Pike Hill by Gordon Robertson

Gordon Robertson is a writer and filmmaker from Central Scotland. His work has appeared in Storgy Magazine, Ink Sweat & Tears, Negative Assets Zine, Shift Lit, [Untitled], Octavius Magazine, Short Fiction Break, Bunbury Magazine, Flash Fiction Magazine, and Fictive Dream. His latest short film, The Chair, has been screened in more than a dozen countries and has won a number of international awards.


Pike Hill


“You can see everything from here,” she used to say, as we’d stand shivering at the top of Pike Hill, our arms warm in thick, puffy jackets, yet still clumsily wrapped around each other like the teenagers we were. We craved the heat the other generated, irrespective of the weather. Heat hung from Kissy like a bedsheet over a balcony: thick and billowing, clean and enticing. I couldn’t get enough of it. And so, on Saturday nights, with both our part-time jobs newly done and an hour or so left before our parents could reasonably expect us home, we’d take the broken path through the darkening St George’s Park and climb Pike Hill, where we’d stand, glued together, Kissy smiling through the fullest, reddest lips I’d ever seen in all my fifteen years and saying:

“You can see everything from here.”

And we could. We could see the winking lights of High Ludditch over to the west–pubs and clubs and low-roofed houses, with the occasional late-closing betting shop still sweeping up, in more ways than one. We could see the floodlights at the four corners of Weams Park, where Weams Athletic went to great pains to lose gallantly once a fortnight and everyone went home proud as punch. The council allowed the floodlights to stay on after a game as it was cheaper than lighting the streetlamps nearby, or so they said. And way off to the east, following the snaking River Anson, we could see the high flats near Hinkton, where Kissy’s cousin Trish used to live, before her brother jumped off one of them and the entire school turned up at the funeral. Trish used to tell Kissy she could still hear her school-pals crying sometimes when she couldn’t sleep. The mum and dad divorced not long after and Trish went to live in Wales with an older sister. She manages a bingo hall now, last I heard.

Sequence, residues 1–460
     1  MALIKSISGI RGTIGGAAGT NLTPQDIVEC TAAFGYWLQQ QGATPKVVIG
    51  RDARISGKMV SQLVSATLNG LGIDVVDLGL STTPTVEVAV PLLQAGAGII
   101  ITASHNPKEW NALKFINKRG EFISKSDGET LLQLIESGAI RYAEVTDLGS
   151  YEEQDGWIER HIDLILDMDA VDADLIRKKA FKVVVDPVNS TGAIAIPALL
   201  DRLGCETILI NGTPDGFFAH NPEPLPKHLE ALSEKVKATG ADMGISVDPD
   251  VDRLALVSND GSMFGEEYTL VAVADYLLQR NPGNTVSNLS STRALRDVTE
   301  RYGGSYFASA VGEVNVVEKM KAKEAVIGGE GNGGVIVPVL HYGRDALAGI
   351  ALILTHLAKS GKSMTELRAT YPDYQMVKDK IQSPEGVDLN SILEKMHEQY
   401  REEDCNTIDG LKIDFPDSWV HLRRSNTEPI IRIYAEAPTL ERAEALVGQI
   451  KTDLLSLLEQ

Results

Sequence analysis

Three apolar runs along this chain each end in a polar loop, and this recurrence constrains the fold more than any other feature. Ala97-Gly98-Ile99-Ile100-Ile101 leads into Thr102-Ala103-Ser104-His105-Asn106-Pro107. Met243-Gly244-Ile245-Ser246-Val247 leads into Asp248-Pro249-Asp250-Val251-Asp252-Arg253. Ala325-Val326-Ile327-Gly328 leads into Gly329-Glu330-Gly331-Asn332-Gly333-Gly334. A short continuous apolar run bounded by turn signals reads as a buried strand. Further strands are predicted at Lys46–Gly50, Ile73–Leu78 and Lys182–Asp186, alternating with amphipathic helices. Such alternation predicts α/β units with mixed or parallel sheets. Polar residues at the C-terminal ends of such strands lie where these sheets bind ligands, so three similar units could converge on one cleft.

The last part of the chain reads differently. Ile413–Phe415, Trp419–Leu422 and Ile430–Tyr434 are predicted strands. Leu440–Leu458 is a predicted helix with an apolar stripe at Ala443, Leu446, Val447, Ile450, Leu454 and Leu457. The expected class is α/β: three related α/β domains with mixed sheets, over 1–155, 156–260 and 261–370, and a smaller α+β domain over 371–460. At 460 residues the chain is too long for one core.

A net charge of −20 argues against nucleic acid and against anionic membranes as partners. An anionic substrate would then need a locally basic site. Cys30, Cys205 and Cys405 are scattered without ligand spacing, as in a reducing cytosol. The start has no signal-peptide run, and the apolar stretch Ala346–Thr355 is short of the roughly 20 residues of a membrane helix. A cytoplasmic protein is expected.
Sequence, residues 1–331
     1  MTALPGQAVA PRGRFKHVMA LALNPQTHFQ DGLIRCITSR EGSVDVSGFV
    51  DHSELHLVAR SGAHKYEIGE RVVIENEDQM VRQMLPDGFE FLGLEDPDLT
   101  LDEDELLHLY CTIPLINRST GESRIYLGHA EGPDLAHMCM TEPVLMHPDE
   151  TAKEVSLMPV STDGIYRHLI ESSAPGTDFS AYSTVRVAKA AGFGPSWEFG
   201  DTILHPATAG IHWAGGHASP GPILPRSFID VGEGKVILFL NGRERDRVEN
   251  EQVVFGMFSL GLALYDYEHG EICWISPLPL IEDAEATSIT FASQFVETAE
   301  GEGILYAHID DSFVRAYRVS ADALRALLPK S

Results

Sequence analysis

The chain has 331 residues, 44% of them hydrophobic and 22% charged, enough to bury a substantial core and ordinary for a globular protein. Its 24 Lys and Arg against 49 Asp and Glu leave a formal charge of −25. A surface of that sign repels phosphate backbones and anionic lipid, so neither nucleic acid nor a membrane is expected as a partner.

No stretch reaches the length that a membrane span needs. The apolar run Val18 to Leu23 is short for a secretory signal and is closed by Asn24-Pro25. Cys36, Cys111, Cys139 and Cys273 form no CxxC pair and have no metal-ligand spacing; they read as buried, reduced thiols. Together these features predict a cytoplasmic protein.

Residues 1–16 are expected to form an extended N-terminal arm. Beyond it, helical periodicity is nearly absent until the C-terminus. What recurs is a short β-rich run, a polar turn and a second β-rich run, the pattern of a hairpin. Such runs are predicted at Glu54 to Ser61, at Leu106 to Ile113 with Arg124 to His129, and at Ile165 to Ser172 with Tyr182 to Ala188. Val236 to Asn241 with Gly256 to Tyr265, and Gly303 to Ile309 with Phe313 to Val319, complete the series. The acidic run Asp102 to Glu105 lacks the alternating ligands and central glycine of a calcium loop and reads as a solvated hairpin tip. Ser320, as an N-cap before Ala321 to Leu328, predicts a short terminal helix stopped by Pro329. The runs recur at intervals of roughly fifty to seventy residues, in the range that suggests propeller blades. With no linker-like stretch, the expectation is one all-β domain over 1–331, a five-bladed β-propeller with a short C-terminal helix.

Of course, it wasn’t real love, what Kissy and I had, although we thought it was. We were fifteen and we’d never touched a body other than our own before. To us, the fumbling and squeezing was an intimate miracle, a revelation, as though someone had lifted a veil or pulled aside a curtain and LOVE–in huge capital letters–had suddenly appeared, cocking its head and crooking its finger. “Come in, come in”, it seemed to say. And in we’d rushed, all guns blazing, tripping over arms and legs and sharing the embarrassment of nudity. I used to see lights in Kissy’s eyes when we kissed, and I’d wonder what worlds were in there–what she was thinking–where she was going in that moment. Me, I knew exactly where I was going: deeper into an obsession whose depths I still can’t fathom, twenty-five years later, long after Kissy’s death on the railway crossing outside Low Falkland the day after we’d rowed over something I can no longer remember.

I’m married now, with three kids. I love my wife. We still hold hands when we walk and we say ‘I love you’ when one of us leaves the room. We’re going to be together until our deaths. But she’s not Kissy. She’s not the girl I stole a toy ring for, pretending it was real and we were engaged. She’s not the girl whose name I carved into my arm with a breadknife, before stumbling into the bathroom and sticking it under the hot tap, half-collapsing with the pain. And she’s not the girl I ran after through the rain one Saturday night, throwing apologies at, begging her to slow down, to stop, to come back. I’d screamed at her on the top of Pike Hill minutes before, accusing her of infidelity and threatening my own. I didn’t mean a word of it. I was lashing out. I’d seen her talking to a boy a year older at break on the Friday and it hurt. It hurt like the world had ended. I was being stupid and childish, because I knew Kissy would never cheat. But as I said, we were teenagers, and it wasn’t real love, or anything like it.

But my god, it felt like it was.

Gordon can be reached at his email address, gordon.robertson@rocketmail.com.